The Need for an Explanation of Human Memory
Discuss the need for an explanation of human memory, which proposes that memory is a set of stages, rather than a single process.
This essay is going to discuss the need for an explanation of human memory, which proposes that memory is a set of stages rather than a single process. Flanagan (1997) defines memory as "the mental function of retaining data, the storage system holding the data, and the data which is retained." It is evident from reviewing the literature that an explanation of memory as a set of stages proves to be more understandable than as a single process, the theories of memory all providing information about how memory is structured and organised and the findings from the research studies inevitably pointing in the direction of memory existing as a set of stages rather than a single process. Therefore these are the areas which are to be outlined in this essay in order to understand the need to explain human memory as a set of stages.
The nature of memory can be explained as a set of stages that are necessary but not sufficient for memory to have taken place. These involve "input" -registering or encoding information, where a memory trace is formed from translating the sensory data, "storage" which is either temporary or permanent and "output" which involves retrieval - memories would be useless unless they could be retrieved. It is these stages that form the fundamental characteristics of the process of memory and in order for this to occur it is necessary for the data to become engaged in the memory structure. Memory structure can be separated into three distinct categories, sensory memory (input store) where the sensory data remains unchanged in the mind for a brief time but is rapidly lost through decay; short -term memory- which has a relatively limited capacity (approximately seven items) with rapid decay being prevented through rehearsal and finally long-term memory which is a relatively permanent storage system with an apparent unlimited capacity with information being held in enactive, iconic or symbolic form. The evidence for separate stores comes from empirical studies of duration, capacity, coding differences, serial position effect, brain damage and forgetting.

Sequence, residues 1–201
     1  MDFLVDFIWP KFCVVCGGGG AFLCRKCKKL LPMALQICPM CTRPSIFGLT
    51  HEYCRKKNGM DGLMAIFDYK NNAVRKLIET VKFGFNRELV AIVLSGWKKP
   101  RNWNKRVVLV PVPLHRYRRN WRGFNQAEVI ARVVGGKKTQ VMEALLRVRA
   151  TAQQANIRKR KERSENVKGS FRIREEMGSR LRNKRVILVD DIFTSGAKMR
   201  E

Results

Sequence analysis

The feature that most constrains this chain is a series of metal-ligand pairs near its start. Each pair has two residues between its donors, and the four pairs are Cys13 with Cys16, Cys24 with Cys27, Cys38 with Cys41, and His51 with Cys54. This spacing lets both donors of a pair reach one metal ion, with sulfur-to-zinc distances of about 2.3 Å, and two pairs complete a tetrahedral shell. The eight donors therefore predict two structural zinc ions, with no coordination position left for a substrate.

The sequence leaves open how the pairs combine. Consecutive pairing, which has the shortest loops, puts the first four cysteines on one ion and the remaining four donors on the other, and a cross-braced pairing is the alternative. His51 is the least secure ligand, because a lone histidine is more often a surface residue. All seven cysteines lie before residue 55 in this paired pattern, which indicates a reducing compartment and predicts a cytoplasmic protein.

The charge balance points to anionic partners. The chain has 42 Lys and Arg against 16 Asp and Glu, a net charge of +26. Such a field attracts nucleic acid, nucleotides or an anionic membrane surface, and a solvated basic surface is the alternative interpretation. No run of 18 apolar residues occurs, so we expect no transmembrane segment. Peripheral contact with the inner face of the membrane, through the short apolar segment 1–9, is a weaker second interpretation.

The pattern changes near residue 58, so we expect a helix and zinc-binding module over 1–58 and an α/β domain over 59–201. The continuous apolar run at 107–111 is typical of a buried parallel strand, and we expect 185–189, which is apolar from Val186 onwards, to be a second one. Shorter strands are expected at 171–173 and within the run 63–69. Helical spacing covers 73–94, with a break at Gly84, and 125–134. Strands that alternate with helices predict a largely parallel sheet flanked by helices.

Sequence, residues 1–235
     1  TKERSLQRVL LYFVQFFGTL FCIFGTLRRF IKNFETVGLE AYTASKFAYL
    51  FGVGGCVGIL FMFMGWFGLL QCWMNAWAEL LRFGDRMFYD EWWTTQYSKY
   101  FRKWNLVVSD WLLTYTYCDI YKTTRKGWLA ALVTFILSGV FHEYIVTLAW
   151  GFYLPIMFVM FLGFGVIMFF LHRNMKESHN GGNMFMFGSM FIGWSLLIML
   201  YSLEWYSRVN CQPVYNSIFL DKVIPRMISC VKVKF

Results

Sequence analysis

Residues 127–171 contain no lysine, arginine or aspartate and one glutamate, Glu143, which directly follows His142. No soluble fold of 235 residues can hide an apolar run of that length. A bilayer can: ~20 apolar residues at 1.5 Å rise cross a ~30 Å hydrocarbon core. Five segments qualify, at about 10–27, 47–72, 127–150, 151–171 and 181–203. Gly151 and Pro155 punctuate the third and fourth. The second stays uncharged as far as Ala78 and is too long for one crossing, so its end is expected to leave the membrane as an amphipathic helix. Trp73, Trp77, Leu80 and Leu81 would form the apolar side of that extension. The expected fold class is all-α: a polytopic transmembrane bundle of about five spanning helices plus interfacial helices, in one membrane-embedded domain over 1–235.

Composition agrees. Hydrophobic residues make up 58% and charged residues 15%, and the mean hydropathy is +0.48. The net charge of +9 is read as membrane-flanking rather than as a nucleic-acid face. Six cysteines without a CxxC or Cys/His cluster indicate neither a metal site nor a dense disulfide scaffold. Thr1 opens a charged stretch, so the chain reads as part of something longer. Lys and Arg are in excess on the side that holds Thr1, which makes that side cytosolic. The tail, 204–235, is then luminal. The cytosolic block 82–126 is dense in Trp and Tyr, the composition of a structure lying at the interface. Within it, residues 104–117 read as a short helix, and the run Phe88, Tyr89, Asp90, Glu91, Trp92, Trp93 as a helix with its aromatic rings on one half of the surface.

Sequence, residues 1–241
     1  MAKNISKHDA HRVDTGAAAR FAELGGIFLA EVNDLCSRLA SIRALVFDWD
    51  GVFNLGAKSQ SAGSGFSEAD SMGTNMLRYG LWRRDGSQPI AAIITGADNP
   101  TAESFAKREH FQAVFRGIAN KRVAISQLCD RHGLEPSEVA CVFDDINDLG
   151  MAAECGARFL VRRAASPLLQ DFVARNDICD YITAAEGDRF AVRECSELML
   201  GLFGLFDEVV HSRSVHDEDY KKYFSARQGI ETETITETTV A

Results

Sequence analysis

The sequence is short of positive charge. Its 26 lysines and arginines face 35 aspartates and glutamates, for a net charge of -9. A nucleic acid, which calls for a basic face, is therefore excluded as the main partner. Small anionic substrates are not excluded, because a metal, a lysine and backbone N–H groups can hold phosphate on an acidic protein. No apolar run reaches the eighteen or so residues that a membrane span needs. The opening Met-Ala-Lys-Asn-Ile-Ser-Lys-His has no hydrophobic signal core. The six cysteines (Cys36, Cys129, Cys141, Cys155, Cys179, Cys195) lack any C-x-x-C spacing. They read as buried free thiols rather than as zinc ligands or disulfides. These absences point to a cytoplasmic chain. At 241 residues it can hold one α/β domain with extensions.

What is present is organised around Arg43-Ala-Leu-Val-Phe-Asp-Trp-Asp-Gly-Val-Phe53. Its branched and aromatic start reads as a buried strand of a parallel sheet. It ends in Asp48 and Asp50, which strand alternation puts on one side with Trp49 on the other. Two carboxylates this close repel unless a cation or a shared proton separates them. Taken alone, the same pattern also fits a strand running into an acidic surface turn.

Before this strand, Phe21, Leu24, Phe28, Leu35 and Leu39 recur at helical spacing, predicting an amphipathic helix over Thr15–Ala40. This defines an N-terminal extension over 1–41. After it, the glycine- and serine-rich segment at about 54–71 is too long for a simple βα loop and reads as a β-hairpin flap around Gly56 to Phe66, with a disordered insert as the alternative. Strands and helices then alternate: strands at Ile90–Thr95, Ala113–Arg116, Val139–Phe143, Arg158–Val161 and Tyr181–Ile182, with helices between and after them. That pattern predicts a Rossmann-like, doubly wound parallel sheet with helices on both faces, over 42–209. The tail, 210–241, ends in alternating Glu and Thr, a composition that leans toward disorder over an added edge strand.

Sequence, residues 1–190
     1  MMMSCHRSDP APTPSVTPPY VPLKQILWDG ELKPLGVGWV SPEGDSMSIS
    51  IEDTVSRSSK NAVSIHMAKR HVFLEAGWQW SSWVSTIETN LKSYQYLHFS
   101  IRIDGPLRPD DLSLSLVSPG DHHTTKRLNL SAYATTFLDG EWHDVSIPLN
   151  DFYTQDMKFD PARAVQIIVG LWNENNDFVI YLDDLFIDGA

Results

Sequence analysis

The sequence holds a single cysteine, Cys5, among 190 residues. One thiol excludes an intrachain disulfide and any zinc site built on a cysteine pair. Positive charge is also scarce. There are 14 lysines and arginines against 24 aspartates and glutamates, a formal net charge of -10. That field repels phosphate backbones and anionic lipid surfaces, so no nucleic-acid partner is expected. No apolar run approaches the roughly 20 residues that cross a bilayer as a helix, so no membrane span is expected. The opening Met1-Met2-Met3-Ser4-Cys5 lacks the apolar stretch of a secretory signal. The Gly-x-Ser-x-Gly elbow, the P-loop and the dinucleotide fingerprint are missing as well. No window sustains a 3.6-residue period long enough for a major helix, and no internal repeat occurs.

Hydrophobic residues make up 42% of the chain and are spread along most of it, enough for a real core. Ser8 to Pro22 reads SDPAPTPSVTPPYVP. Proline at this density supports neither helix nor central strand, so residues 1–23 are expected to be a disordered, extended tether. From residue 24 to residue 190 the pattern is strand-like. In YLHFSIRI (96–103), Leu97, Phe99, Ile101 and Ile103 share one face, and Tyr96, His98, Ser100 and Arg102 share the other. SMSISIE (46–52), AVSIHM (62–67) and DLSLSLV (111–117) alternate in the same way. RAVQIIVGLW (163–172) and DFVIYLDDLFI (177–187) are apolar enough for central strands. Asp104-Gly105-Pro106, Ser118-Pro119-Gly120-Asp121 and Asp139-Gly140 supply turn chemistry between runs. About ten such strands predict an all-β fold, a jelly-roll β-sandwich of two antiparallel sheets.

In regard to duration there have been several studies that indicate separate stages, Sperling (1960) briefly showed participants a display of twelve letters organised in three rows and asked them to immediately recall the letters. It was found that if a tone was presented after the display signalling which row to report "recall was three times better demonstrating that available information disappears very rapidly". This study demonstrates the existence of a sensory memory system where the information is lost through decay. Peterson and Peterson (1959) found that delayed recall of trigams reduces performance from 80% after 3 seconds to 10% after 18 seconds, this is significant in that participants were...